This article reviews recent empirical and brain imaging data on effects of cognitive training methods on complex interactive skill learning, and presents a neurally inspired computational model that characterizes the effects of these training methods. In particular, the article focuses on research that shows that variable priority training (VPT), which requires learners to shift their priorities to different task components during training, often leads to better acquisition and retention of skills than fixed priority training (FPT). However, there is only weak evidence that shows that VPT can enhance transfer of complex interactive skills to untrained situations. Brain imaging studies show that VPT leads to significantly lower activations and a higher reduction of activities in attentional control areas after training than FPT. Research also shows that the volume of the striatum predicts the learning effects, but only in VPT. The computational model, developed based on learning mechanisms at the neural level, bridges across the empirical and the braining imaging results by explaining the effects of VPT and FPT at both the behavioral and neural levels. The results were discussed in the context of previous findings on cognitive training.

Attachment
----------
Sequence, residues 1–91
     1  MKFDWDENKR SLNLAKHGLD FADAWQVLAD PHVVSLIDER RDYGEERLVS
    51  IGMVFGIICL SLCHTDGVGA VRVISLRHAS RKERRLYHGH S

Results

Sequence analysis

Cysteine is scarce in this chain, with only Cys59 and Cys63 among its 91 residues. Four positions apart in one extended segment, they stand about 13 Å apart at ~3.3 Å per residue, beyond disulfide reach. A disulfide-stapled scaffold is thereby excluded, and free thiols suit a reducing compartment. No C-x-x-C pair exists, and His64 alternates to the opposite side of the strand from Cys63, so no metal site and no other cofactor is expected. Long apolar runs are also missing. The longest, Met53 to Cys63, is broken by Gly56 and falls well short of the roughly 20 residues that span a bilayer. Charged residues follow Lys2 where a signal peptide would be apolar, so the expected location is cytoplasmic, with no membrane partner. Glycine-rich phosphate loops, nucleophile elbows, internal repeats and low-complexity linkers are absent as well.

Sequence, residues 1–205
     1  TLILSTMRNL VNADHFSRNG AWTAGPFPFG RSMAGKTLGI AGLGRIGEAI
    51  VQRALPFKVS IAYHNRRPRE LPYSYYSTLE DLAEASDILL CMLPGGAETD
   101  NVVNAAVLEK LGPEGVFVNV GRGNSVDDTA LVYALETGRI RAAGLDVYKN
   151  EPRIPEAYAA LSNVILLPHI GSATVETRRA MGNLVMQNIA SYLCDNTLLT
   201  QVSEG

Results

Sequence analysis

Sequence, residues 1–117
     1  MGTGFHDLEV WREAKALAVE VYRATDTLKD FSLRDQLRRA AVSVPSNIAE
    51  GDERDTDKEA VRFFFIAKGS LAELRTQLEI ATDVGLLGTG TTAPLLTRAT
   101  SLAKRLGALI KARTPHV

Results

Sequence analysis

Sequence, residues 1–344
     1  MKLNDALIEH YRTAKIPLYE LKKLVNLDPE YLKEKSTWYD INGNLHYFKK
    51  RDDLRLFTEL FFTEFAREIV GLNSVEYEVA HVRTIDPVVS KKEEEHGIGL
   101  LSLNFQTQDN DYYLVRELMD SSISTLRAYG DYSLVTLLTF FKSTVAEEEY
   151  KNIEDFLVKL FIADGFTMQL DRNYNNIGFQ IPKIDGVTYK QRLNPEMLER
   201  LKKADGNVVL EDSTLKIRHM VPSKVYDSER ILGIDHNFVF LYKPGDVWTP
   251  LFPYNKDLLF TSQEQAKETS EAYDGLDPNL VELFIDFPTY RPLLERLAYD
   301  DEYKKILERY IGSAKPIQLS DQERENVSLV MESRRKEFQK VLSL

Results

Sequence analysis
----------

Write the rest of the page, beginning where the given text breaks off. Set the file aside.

|Original language||English (US)|
|Number of pages||12|
|Journal||Wiley Interdisciplinary Reviews: Cognitive Science|
|State||Published - Mar 2013|
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